So the next time you get a startling jolt, remember that the only thing that is really hurt is your ego, a rigid defense structure that keeps bad (and good) feelings out and maintains the status quo.
The truth only hurts if it should. – Gandhi
The pain is your gift. Unwrap it and become the leader you were meant to be.
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This post was written in honor of Bill Treasurer’s wonderful new book, A Leadership Kick in the Ass. Learn more about transformative humiliation, the kinds of kicks you are likely to receive and how to benefit from them, and how to kick your own butt so you can keep your ego in check. Not only is this an easy, fun read, but Bill provides practical, actionable tips you can use immediately. Guaranteed to be one of the most helpful books you read this year, I expect you’ll recognize a few people you’ll want to pass it along to who would benefit from a kick or two themselves.
I love this post, Jesse. You enrich the idea of “transformative humiliation” with additional perspective and dimension. After a mess-up, if we allow ourselves to learn instead of protecting our egos, we can reap the gifts that humiliation has to offer. Well done!
That’s the beauty of a great book – it provokes and extends your thinking. It’s so interesting how our egos protect us on one hand and limit us on another. Thanks for your great book and adding your thoughts here, Bill.
I have seen humility in just about every flavor imaginable and it all comes back to what you and Bill Treasurer speak wisely of. Lack of humility creates dangerous relationships. Not in violence but in pure brokenness. Running the gamut from lying to wiggle out of taking responsibility to blaming, people hate to be humbled. How much better we would all be if we paid attention, became humbled, and asked, “What can I learn from this?” I have yet to write my book review of A Leadership Kick in the Ass – and I blame it on humbly feeling like I might not be able to do it justice.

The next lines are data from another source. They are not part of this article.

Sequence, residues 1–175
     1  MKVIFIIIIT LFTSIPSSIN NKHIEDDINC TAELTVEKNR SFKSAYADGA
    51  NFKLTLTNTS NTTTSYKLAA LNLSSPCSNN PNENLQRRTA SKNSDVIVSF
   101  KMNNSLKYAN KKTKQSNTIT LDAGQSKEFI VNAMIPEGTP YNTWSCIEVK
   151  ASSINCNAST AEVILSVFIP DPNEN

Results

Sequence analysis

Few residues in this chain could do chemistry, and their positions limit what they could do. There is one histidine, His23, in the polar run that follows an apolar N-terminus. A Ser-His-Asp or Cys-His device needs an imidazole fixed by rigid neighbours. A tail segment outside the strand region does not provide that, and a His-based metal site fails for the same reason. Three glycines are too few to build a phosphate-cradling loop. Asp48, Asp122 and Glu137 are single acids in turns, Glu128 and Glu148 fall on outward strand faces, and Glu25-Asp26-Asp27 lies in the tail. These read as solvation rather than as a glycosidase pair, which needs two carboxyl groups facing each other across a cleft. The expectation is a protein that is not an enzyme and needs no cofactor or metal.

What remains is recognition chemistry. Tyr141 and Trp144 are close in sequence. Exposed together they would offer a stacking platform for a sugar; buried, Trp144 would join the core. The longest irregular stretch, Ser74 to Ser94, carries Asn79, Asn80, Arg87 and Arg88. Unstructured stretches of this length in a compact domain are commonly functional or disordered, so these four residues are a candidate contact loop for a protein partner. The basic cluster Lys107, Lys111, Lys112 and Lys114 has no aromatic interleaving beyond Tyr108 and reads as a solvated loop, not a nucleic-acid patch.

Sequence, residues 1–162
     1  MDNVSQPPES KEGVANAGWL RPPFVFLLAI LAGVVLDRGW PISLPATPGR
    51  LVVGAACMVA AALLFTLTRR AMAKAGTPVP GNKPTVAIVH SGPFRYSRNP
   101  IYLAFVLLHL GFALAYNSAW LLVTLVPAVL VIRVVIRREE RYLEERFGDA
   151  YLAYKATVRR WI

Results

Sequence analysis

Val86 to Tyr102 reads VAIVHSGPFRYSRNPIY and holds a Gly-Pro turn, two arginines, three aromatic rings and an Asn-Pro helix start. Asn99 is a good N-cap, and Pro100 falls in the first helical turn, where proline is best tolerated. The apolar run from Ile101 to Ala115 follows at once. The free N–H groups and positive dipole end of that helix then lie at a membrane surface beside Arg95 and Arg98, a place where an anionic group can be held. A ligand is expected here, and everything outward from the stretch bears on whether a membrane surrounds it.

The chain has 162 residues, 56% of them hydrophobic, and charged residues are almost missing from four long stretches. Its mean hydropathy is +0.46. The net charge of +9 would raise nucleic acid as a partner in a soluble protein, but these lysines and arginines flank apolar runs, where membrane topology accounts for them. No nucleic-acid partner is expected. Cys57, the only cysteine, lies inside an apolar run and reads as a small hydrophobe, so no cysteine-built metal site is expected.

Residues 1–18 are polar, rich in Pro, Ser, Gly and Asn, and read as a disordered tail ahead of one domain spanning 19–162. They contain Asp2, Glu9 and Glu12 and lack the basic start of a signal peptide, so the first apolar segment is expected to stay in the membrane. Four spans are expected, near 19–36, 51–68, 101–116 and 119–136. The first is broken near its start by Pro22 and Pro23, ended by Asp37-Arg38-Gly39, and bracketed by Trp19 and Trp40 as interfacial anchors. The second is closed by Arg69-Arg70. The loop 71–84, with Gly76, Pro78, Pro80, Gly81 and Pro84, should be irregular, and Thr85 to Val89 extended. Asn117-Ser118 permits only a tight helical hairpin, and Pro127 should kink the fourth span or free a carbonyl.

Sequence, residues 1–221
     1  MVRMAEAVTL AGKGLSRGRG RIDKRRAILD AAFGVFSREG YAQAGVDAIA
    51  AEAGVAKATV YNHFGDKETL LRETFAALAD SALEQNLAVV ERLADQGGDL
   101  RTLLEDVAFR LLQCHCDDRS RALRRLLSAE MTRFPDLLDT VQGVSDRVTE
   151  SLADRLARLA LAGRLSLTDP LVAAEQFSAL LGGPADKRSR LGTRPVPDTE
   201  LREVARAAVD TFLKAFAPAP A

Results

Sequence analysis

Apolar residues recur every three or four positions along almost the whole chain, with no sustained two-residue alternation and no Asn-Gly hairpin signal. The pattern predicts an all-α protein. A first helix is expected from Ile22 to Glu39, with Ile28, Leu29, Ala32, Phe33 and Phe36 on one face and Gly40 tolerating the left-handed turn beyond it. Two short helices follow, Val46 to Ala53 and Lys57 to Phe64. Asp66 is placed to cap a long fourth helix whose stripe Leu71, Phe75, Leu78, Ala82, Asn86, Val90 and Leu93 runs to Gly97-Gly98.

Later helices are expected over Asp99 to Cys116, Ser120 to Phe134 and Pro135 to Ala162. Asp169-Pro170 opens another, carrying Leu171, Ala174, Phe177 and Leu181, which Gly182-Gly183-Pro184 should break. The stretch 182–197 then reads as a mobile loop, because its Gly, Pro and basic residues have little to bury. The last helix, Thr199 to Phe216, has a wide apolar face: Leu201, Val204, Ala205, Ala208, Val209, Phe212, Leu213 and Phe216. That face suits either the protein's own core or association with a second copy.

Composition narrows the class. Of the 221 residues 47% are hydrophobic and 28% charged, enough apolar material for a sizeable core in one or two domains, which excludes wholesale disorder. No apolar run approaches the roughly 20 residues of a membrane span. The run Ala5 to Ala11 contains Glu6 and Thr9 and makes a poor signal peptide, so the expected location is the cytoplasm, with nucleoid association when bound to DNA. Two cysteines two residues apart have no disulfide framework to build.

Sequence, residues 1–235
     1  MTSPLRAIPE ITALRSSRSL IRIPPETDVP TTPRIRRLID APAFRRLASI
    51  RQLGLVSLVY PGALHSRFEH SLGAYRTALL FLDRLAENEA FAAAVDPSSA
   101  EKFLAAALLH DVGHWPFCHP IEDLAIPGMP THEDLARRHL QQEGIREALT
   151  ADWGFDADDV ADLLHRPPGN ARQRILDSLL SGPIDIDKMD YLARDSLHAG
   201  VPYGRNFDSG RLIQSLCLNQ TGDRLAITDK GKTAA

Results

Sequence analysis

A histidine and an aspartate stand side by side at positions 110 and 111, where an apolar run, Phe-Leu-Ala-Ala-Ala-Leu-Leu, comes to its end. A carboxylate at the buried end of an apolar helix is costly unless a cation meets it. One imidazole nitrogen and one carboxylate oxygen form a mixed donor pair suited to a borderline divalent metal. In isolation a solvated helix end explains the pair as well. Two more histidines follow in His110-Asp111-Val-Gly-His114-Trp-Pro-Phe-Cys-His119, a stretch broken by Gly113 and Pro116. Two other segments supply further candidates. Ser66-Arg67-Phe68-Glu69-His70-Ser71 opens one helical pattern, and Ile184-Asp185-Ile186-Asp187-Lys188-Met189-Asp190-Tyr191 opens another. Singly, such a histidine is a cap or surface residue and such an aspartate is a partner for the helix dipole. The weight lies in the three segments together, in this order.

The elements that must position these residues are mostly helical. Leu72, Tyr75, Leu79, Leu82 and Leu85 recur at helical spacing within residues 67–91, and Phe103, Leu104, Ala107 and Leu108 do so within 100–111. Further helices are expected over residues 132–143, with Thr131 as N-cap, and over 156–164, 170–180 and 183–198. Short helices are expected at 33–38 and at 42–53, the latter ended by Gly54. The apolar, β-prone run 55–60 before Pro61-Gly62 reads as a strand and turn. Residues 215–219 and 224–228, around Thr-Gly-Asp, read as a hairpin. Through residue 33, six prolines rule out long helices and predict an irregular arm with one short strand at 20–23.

Nicely said, Jane. Given all the different flavors of humility, I think there is sometimes confusion between humility and lack of confidence. Humility and self-confidence can go hand in hand as long as you remember there is always more to learn. My own personal experience has been that everytime I think I have all the answers, I get myself in trouble.
Excellent post, Jesse! What seems to work for me is: 1) be open enough to the feedback from others, in order to buy some time to reflect and 2) use that time to build a work plan to address whatever issues led to the humiliating event. I have done this several times, and I am always amazed that the anger, blame and denial seem to dissipate when I am confident that I can emerge with a plan to improve. It seems to be appreciated by others.
Great to hear your personal experience and what works for you, Dave. Thanks so much for sharing your approach. Makes sense!
Reading your post reminded m of the importance of staying open and curious about our experience. Thank you (and love the picture of the dog!)
That’s the key. Blaming and judging closes us down. Curiosity opens the door to learning and growing. Thanks for sharing your wisdom, Fay.